My name is Hot Lixx Hulahan
and I play Air Guitar.
If it sounds ridiculous that's because it is.
Age 8 – get a tennis racket for Christmas. Participate in four afterschool group tennis lessons before tying a shoelace to the racket and putting it to much better use as a makeshift guitar. Soundtrack: Billy Joel, Foreigner, theme from Spiderman cartoon.
Age 9 – after seeing the video for Van Halen’s “Jump” I sustain my first real rock’n’roll injury by doing a backflip with my tennis racket and landing on my head. Chiropractors would later describe this as my first major spinal sublexation. Many, many more sublexations would follow, and all in the same vain.
Age 10 – get my first real guitar. I am taught the chords to “Rock You Like A Hurricane” and much like a hurricane I wreak havoc and devastation on one of the simplest songs in heavy metal. The guitar, however, comes with a proper strap and I soon realize I find greater joy in jumping on the bed faking my way through the song than I do in sitting down and practicing it.
Age 12 – finally, finally, nail the 5 chords in “Rock You Like A Hurricane.” This leads me down a road of power chord madness. Due to my continued experience with a ‘real’ instrument my air guitar style would later be filed under the “Technical School of Airness,” meaning my emphasis leaned more towards technical accuracy rather than grand gesturing. I actually try to hit every note. It would also be explained to me later that my style was very “American” in that I packed my routine with as much stuff as possible, “like a Hollywood blockbuster.” To that I say, “Like, whatev.”
Age 14 – the year is 1987 and MTV is splitting at the seams with such flamboyant and gregarious guitar players as Eddie Van Halen, Steve Vai, Michael Angelo, and CC DeVille. At such a formative age this becomes the mold from which I emerge.
Age 15 – I start and/or join countless punk bands. I tour six of the seven continents where I learn the importance and skill in making audiences pay attention. This would later prove to be the fundamental reason I won the NYC National competition.
Age 28 – After a month on tour with our band documentarian Carl Cordova sums up my guitar playing as “air guitar but with a real guitar.” The generally agreed adjective for how I play is “over-expressive.” Fellow band members often lament my choice of action over accuracy. Many notes missed, many jumps jumped. Some would argue that my air guitar playing is far more accurate than my real guitar playing while my real guitar playing is more flamboyant than my air guitar playing. Go figure.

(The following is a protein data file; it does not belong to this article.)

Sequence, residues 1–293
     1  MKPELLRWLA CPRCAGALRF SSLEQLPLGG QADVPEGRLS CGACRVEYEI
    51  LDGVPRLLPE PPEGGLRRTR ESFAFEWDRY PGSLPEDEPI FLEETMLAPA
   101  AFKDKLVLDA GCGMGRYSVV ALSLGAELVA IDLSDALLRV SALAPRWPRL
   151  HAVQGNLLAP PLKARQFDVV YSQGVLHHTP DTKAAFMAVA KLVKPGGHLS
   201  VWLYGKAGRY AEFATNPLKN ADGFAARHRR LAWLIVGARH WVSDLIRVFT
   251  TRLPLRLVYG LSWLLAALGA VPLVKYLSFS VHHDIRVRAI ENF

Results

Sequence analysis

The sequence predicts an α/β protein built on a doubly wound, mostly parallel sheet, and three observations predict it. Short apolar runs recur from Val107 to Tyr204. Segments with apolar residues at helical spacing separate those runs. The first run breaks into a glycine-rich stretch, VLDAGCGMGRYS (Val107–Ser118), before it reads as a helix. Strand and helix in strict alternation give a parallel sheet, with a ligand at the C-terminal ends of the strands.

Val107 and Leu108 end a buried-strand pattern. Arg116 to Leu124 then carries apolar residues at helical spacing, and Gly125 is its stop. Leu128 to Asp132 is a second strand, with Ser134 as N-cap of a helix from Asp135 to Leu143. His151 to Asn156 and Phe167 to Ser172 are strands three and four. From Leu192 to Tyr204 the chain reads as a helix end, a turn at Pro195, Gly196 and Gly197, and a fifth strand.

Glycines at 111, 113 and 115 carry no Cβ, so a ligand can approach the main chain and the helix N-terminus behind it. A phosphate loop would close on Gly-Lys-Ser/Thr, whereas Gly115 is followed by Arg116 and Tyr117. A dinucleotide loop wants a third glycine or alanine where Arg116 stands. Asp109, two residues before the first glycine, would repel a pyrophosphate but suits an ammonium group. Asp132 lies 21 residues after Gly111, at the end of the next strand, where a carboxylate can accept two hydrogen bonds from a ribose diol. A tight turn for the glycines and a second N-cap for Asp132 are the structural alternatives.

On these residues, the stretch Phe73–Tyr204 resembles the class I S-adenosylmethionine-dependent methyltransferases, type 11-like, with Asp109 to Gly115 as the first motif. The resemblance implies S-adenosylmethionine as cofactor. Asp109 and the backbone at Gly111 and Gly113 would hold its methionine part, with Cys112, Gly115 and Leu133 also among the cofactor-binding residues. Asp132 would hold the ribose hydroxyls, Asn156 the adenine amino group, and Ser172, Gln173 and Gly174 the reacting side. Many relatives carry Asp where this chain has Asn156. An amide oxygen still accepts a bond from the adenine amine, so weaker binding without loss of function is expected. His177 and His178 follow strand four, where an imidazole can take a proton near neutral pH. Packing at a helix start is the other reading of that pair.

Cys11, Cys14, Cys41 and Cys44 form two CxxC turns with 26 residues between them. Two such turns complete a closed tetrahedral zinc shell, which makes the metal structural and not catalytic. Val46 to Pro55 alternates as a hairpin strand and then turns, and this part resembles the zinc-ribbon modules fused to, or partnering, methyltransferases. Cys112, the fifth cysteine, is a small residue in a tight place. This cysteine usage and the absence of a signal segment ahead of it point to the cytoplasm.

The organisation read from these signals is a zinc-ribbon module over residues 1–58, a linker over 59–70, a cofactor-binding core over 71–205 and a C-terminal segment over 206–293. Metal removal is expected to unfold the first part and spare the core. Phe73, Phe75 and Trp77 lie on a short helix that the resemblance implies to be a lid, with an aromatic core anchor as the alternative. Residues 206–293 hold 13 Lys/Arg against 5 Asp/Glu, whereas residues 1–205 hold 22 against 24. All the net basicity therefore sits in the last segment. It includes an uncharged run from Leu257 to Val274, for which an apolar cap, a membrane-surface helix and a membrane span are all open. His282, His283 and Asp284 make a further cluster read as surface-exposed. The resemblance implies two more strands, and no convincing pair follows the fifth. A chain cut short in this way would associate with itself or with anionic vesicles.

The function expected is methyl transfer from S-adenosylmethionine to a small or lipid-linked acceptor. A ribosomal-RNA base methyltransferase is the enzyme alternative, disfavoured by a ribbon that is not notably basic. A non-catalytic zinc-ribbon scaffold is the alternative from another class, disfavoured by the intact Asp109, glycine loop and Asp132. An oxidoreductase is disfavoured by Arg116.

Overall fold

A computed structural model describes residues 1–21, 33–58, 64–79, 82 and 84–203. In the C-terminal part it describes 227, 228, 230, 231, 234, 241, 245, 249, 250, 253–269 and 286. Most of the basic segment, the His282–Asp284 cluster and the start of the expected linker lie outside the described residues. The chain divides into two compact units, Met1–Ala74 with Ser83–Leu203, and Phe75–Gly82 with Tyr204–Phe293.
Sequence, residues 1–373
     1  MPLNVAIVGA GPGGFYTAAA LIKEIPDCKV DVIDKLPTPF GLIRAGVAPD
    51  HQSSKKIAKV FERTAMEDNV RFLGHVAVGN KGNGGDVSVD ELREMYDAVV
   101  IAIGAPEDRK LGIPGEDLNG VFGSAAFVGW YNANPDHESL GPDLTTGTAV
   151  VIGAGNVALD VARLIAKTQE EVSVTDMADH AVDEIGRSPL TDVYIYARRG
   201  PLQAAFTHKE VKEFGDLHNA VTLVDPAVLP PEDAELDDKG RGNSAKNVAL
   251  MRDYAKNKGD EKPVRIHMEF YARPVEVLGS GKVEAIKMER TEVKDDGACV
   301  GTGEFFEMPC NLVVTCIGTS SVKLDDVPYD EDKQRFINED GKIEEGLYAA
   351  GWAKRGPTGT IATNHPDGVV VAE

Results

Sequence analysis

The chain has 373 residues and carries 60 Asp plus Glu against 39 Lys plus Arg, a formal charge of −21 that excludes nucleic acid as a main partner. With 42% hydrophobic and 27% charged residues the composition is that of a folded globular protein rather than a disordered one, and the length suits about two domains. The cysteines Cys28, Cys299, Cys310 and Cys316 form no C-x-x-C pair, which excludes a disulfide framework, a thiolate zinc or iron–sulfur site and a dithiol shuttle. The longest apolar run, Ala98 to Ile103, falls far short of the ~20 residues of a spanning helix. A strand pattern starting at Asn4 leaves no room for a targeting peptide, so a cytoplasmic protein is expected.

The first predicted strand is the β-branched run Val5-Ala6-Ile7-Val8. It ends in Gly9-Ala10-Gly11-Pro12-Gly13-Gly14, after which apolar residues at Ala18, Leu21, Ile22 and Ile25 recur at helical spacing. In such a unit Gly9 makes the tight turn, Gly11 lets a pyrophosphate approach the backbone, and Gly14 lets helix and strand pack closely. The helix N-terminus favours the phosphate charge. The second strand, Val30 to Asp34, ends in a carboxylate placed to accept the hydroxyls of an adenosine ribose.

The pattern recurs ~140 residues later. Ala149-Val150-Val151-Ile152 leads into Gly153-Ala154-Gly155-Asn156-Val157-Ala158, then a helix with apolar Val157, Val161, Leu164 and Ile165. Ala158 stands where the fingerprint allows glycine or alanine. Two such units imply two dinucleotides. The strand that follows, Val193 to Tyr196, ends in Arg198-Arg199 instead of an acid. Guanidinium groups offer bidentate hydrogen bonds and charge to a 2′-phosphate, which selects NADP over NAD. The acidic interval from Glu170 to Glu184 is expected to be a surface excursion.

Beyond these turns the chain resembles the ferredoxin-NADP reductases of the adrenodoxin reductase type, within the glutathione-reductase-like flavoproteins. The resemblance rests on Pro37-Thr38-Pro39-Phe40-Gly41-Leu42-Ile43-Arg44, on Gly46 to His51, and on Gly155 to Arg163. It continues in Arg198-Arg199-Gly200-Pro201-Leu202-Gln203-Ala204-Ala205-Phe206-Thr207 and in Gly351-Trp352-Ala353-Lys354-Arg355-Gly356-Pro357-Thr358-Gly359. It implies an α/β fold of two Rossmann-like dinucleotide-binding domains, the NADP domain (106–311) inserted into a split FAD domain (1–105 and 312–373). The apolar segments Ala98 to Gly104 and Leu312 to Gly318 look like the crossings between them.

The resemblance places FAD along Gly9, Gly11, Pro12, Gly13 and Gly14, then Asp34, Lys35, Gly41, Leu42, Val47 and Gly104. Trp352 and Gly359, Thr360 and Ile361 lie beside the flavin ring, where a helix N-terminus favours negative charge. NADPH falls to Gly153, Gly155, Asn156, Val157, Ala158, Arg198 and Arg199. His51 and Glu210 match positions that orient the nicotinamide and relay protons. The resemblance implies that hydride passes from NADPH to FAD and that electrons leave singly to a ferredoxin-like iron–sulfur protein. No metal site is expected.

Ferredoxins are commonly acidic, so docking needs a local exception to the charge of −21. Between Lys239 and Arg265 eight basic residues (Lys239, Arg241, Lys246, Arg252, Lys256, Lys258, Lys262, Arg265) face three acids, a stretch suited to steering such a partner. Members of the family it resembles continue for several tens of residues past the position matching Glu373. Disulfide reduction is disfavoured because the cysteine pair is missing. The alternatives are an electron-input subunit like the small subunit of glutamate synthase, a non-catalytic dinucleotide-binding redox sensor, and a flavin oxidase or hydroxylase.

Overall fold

Age 32, Thanksgiving, 2005 – after a feast of Tofurkey and beer I feel inspired by "Freewheel Burning” and jump on my coffee table to act out both Glenn Tipton and KK Downing. James Dardis, an out-of-towner easily brought to tears of laughter, with a tattoo on his forearm of a gun pointing at you with HAVE A NICE DAY written around it, demands I enter an air guitar contest if ever there is one. I change the record from Judas Priest to The Reflex’ “The Politics of Dancing” and promise I will, as soon as I win a Rock Paper Scissors contest, har har har…
May 2006 – sure
enough, the world hosts both air guitar contests and Rock Paper Scissors
While competitive air guitar it is not as lucrative as competitive Rock
Paper Scissors (that competition has a $25,000 purse!), I figure air
more prestige. And it turns out
the US Air
Guitar Nationals are coming through San Francisco. Many emails are sent
my way with a link to the entry application, as if this kind of thing
would appeal to me. Apparently it does because four days before the
competition I make good on my promise to James Dardis and enter, but
the event was being held two blocks from my girlfriend’s house
and also on the night I usually stayed with her. Oh, and because entering
an air guitar contest fits nicely on my list of Stupidest Things I’ve
Done, along with farting into the PA at Lamppost Pizza on my first day
of work, bathing in the pond outside The Louve, and making fun of Tom
Ryder’s bike in 7th grade.